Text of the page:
Responding to Disclosures on Campus

Students who have experienced sexual assault or harassment may feel guilty or blame themselves for what happened. Shock, fear and embarrassment can impair memory.

Many survivors have difficulty concentrating or sleeping and may lose interest in activities that they formerly enjoyed. Some survivors may try to cope through substance use. Others try to minimize or forget the assault as a way of coping with the trauma.

Sexual assault can very negatively impact a student’s academic career:

An inability to avoid the perpetrator on campus can be especially distressing.

Difficulties concentrating may lead to lower or failing grades. As a result, students may be placed on academic probation. In other cases, they may choose to suspend their studies, transfer to another institution, or drop out altogether.

Smaller, contained campuses where “everybody knows everybody” may present additional challenges affecting a student’s ability to remain enrolled.

From Developing a Response to Sexual Violence: A Resource Guide For Ontario’s Colleges and Universities

Survivors may lose a number of resources after an assault. Not finishing their program of study or job loss often results in supports that were available to students at those organizations, such a counselling services or supportive relationships with peers and colleagues.

Whether the survivor discloses or not, sexual violence can disrupt relationships with family and friends. Isolation is a common experience among survivors.

When a survivor needs to change their residence or their method of travel as a way to avoid a perpetrator they may have also lost resources connected with their home such as neighbours, grocery shopping, banking – and may have also incurred higher expenses as a result of these changes.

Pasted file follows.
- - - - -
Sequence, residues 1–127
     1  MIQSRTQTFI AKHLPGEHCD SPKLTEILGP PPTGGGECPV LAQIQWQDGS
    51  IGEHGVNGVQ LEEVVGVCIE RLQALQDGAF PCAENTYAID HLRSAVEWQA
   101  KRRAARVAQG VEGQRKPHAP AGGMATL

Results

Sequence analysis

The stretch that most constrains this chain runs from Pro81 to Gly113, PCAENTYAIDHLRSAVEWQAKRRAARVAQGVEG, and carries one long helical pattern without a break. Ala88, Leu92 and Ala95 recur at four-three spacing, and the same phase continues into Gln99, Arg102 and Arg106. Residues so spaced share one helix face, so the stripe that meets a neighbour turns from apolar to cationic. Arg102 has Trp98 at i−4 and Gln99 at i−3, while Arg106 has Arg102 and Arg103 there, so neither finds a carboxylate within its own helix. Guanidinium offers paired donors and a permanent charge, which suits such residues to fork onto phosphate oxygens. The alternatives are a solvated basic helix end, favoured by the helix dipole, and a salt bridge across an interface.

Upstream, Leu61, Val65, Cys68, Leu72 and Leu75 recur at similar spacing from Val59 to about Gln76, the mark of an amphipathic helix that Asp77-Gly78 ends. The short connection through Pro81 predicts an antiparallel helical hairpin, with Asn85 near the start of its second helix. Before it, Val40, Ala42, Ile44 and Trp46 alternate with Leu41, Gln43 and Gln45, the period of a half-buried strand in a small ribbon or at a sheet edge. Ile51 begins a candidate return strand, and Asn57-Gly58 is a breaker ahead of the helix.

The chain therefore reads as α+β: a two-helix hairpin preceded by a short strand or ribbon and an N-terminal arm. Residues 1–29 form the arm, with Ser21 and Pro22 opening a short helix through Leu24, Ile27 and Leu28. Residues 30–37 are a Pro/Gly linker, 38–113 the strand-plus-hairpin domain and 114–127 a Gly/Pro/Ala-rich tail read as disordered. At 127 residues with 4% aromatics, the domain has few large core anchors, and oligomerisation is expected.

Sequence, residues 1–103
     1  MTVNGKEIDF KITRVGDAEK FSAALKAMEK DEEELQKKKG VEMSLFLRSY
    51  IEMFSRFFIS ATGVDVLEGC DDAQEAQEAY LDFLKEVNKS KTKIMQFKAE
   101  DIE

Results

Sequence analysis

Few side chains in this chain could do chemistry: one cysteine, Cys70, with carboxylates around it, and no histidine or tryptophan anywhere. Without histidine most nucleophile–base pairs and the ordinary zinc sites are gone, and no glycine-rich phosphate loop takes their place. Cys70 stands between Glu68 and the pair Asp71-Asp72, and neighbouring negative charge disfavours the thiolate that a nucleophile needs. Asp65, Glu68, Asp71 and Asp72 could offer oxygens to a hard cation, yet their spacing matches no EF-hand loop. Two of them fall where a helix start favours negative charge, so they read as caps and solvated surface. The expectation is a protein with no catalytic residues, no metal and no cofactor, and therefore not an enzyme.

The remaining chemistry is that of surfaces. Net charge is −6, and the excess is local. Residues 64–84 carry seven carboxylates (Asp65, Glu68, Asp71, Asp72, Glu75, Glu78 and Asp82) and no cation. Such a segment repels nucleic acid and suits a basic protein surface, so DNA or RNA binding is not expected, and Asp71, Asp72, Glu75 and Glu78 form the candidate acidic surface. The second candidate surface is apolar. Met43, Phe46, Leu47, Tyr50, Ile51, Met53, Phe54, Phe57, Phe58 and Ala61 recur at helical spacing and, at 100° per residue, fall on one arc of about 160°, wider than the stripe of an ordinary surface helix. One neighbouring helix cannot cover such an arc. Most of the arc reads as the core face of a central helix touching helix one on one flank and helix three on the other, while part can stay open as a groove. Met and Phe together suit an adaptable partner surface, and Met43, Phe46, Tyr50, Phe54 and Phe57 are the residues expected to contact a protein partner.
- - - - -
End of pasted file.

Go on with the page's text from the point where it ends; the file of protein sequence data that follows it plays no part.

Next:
Research shows that 37% of victims/survivors in their study lost their job after the sexual assault and 21% had a relationship end. It was also found that higher levels of distress symptoms following sexual assault were related to greater resource losses for survivors, (Monnier 2002).

A range of factors that influence the meaning of sexual violence and its impacts for survivors:

the characteristics of the sexual violence experienced (e.g., method of coercion, frequency, duration)
the relationship of the survivor to the perpetrator (e.g., fellow student, person in position of authority, intimate partner, stranger or acquaintance); a history of previous traumatic experiences, social supports available, the responses of others following disclosure/reporting of the sexual violence (e.g., positive or negative).

The context of a survivor’s social location (race, gender/gender expression, sexual orientation, class and culture) influences all of the above factors.

From Overcoming Barriers and Enhancing Supportive Responses: The Research on Sexual Violence Against Women